Disabling a Type I-E CRISPR-Cas Nuclease with a Bacteriophage-Encoded Anti-CRISPR Protein.
Publication Type:Journal Article
Source:mBio, Volume 8, Issue 6 (2017)
Keywords:Bacteriophages, CRISPR-Associated Proteins, CRISPR-Cas Systems, Crystallography, X-Ray, Deoxyribonucleases, DNA Helicases, Pseudomonas aeruginosa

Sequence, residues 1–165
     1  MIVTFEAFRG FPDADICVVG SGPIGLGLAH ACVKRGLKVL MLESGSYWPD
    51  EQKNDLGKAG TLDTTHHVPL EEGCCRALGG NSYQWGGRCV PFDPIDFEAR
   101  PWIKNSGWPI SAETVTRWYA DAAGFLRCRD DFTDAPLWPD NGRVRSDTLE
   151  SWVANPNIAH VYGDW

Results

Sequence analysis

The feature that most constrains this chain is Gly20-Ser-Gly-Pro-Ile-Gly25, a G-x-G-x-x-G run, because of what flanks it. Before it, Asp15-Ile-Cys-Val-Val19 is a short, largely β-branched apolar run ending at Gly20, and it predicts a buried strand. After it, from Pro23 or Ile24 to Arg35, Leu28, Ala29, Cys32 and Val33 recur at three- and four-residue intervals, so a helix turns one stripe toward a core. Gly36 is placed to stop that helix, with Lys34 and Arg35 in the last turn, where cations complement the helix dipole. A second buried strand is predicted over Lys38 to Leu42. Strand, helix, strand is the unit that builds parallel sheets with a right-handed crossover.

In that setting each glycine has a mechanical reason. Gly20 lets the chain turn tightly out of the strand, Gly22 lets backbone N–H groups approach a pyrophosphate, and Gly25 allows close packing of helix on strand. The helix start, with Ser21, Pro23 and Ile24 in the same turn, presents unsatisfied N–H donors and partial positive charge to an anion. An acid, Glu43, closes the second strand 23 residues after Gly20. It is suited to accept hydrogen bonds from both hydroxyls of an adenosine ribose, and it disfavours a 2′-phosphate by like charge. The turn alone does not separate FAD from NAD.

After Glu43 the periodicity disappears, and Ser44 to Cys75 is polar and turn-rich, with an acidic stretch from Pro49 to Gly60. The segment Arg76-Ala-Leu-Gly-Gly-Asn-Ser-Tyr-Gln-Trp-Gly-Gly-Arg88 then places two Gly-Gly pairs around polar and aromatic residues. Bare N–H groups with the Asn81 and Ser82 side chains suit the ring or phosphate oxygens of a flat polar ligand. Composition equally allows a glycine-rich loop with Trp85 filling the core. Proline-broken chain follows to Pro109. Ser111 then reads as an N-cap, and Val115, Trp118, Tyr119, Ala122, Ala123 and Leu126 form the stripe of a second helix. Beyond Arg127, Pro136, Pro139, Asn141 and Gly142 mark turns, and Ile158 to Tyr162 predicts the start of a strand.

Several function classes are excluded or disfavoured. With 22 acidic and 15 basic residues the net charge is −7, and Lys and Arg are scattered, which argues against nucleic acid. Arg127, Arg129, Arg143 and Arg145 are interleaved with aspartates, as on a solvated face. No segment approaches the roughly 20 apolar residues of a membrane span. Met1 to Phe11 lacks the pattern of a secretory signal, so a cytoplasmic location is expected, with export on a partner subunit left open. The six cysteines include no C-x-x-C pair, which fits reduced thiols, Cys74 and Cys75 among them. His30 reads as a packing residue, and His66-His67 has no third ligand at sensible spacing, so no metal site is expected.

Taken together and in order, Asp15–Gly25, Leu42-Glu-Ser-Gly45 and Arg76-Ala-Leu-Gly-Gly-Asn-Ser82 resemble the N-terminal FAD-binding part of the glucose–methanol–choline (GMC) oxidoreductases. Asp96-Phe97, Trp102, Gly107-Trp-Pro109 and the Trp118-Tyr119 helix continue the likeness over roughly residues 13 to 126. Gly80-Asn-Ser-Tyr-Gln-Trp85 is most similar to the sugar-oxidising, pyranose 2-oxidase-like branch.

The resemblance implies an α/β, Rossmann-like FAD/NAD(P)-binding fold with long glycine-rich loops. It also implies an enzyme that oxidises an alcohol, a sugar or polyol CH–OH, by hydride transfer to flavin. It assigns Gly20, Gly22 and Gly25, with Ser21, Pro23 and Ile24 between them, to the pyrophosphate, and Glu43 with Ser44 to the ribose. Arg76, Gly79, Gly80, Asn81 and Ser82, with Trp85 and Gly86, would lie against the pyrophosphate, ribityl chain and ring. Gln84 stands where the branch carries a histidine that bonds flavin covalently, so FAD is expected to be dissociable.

<p>CRISPR (clustered regularly interspaced short palindromic repeat)-Cas adaptive immune systems are prevalent defense mechanisms in bacteria and archaea. They provide sequence-specific detection and neutralization of foreign nucleic acids such as bacteriophages and plasmids. One mechanism by which phages and other mobile genetic elements are able to overcome the CRISPR-Cas system is through the expression of anti-CRISPR proteins. Over 20 different families of anti-CRISPR proteins have been described, each of which inhibits a particular type of CRISPR-Cas system. In this work, we determined the structure of type I-E anti-CRISPR protein AcrE1 by X-ray crystallography. We show that AcrE1 binds to the CRISPR-associated helicase/nuclease Cas3 and that the C-terminal region of the anti-CRISPR protein is important for its inhibitory activity. We further show that AcrE1 can convert the endogenous type I-E CRISPR system into a programmable transcriptional repressor. The CRISPR-Cas immune system provides bacteria with resistance to invasion by potentially harmful viruses, plasmids, and other foreign mobile genetic elements. This study presents the first structural and mechanistic insight into a phage-encoded protein that inactivates the type I-E CRISPR-Cas system in The interaction of this anti-CRISPR protein with the CRISPR-associated helicase/nuclease proteins Cas3 shuts down the CRISPR-Cas system and protects phages carrying this gene from destruction. This interaction also allows the repurposing of the endogenous type I-E CRISPR system into a programmable transcriptional repressor, providing a new biotechnological tool for genetic studies of bacteria encoding this type I-E CRISPR-Cas system.</p>